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August 2, 2010
Volume 88, Number 31
p. 14

Lovenox Dustup

Pharmaceuticals: Generic drug brings challenges to FDA’s approval methods

Ann M. Thayer

Lovenox consists of short heparin chains (n = 0 to 20) with an average molecular weight of 4,500 daltons.
Lovenox consists of short heparin chains (n = 0 to 20) with an average molecular weight of 4,500 daltons.
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Sanofi-Aventis is suing FDA, claiming the agency acted inconsistently and unlawfully in approving a generic version of its anticoagulant Lovenox. The approval of the generic, developed by Momenta Pharmaceuticals and NovartisSandoz division, has sparked debate about how FDA reviews complex drugs and whether they qualify as traditional generics.

Made by breaking apart long heparin chains extracted from pig intestines, Lovenox, or enoxaparin, is a mixture of low-molecular-weight heparins (LMWHs). Sales of Lovenox were $4.4 billion last year, making the drug Sanofi’s number two product.

FDA generally approves generic drugs without requiring extensive clinical trials when they are shown to have the same active ingredients, and thus the same efficacy and safety, as the original drug. Sameness is harder to prove for biologic drugs, and follow-on versions are dubbed “biosimilars.”

The agency has never considered enoxaparin to be a biologic drug, but European regulators are treating LMWHs as biosimilars and will require clinical studies. FDA’s decision might be “an inflection point in the approval of generic versions of drugs once viewed too complex to copy,” Needham & Co. stock analysts said in a report to clients, and it is likely to increase the attention paid to regulatory hurdles for biosimilars.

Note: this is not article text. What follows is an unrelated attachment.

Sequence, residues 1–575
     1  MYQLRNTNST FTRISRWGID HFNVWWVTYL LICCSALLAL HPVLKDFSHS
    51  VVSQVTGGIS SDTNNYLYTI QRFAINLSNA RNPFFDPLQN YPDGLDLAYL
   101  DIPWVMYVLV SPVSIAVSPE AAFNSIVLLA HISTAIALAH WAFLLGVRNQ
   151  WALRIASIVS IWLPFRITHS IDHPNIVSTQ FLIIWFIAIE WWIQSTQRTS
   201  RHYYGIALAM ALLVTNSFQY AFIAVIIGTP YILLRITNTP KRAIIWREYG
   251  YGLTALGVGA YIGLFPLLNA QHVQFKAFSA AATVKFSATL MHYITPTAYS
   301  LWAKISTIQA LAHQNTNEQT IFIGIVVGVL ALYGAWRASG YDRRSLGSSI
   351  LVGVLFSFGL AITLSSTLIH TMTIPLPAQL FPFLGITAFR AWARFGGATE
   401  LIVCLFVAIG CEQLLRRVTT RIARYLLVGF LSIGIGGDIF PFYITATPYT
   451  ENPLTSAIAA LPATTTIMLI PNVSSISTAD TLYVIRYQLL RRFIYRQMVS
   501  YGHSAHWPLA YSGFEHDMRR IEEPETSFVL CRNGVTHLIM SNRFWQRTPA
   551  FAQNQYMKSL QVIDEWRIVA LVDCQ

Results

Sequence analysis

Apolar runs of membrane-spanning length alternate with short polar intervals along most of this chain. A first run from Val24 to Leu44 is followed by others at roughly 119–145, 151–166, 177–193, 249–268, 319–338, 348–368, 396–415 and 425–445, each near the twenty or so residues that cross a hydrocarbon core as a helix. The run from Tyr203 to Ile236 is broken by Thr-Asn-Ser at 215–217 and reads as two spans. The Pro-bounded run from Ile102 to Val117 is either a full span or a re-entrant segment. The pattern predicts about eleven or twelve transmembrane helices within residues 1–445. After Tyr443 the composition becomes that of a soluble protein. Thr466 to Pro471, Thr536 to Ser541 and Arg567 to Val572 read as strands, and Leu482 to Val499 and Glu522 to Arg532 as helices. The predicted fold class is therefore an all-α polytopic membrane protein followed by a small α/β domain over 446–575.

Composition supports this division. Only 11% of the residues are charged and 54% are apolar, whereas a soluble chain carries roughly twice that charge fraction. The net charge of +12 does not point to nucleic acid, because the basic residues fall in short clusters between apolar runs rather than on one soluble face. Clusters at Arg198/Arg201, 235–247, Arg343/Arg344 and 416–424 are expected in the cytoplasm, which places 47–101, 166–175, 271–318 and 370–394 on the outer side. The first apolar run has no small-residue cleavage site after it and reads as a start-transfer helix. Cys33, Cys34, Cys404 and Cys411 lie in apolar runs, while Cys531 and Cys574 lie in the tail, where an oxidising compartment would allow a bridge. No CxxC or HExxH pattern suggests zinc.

Sanofi contends that FDA ignored evidence showing that small variations in manufacturing result in big structural and pharmacological changes. Only by using the identical chemical process, the firm says, would generic producers get the same unique, albeit hard to characterize, LMWH mixture. In addition, Sanofi views an FDA request for immunogenicity data on the generic drug as tantamount to admitting that the version in question isn’t the same as Lovenox.

Sandoz and Momenta assert that they have provided substantial data demonstrating equivalence during five years of back-and-forth with the agency. In particular, Momenta claims that its ability to sequence and analyze complex mixtures allowed it to analyze Lovenox and develop a process to make a version that meets FDA requirements. Because the drug is complex, FDA says it applied additional criteria to characterize the sameness.

Along with the approval, the agency responded to and largely dismissed a citizen petition filed on Sanofi’s behalf.

Chemical & Engineering News
ISSN 0009-2347
Copyright © 2011 American Chemical Society
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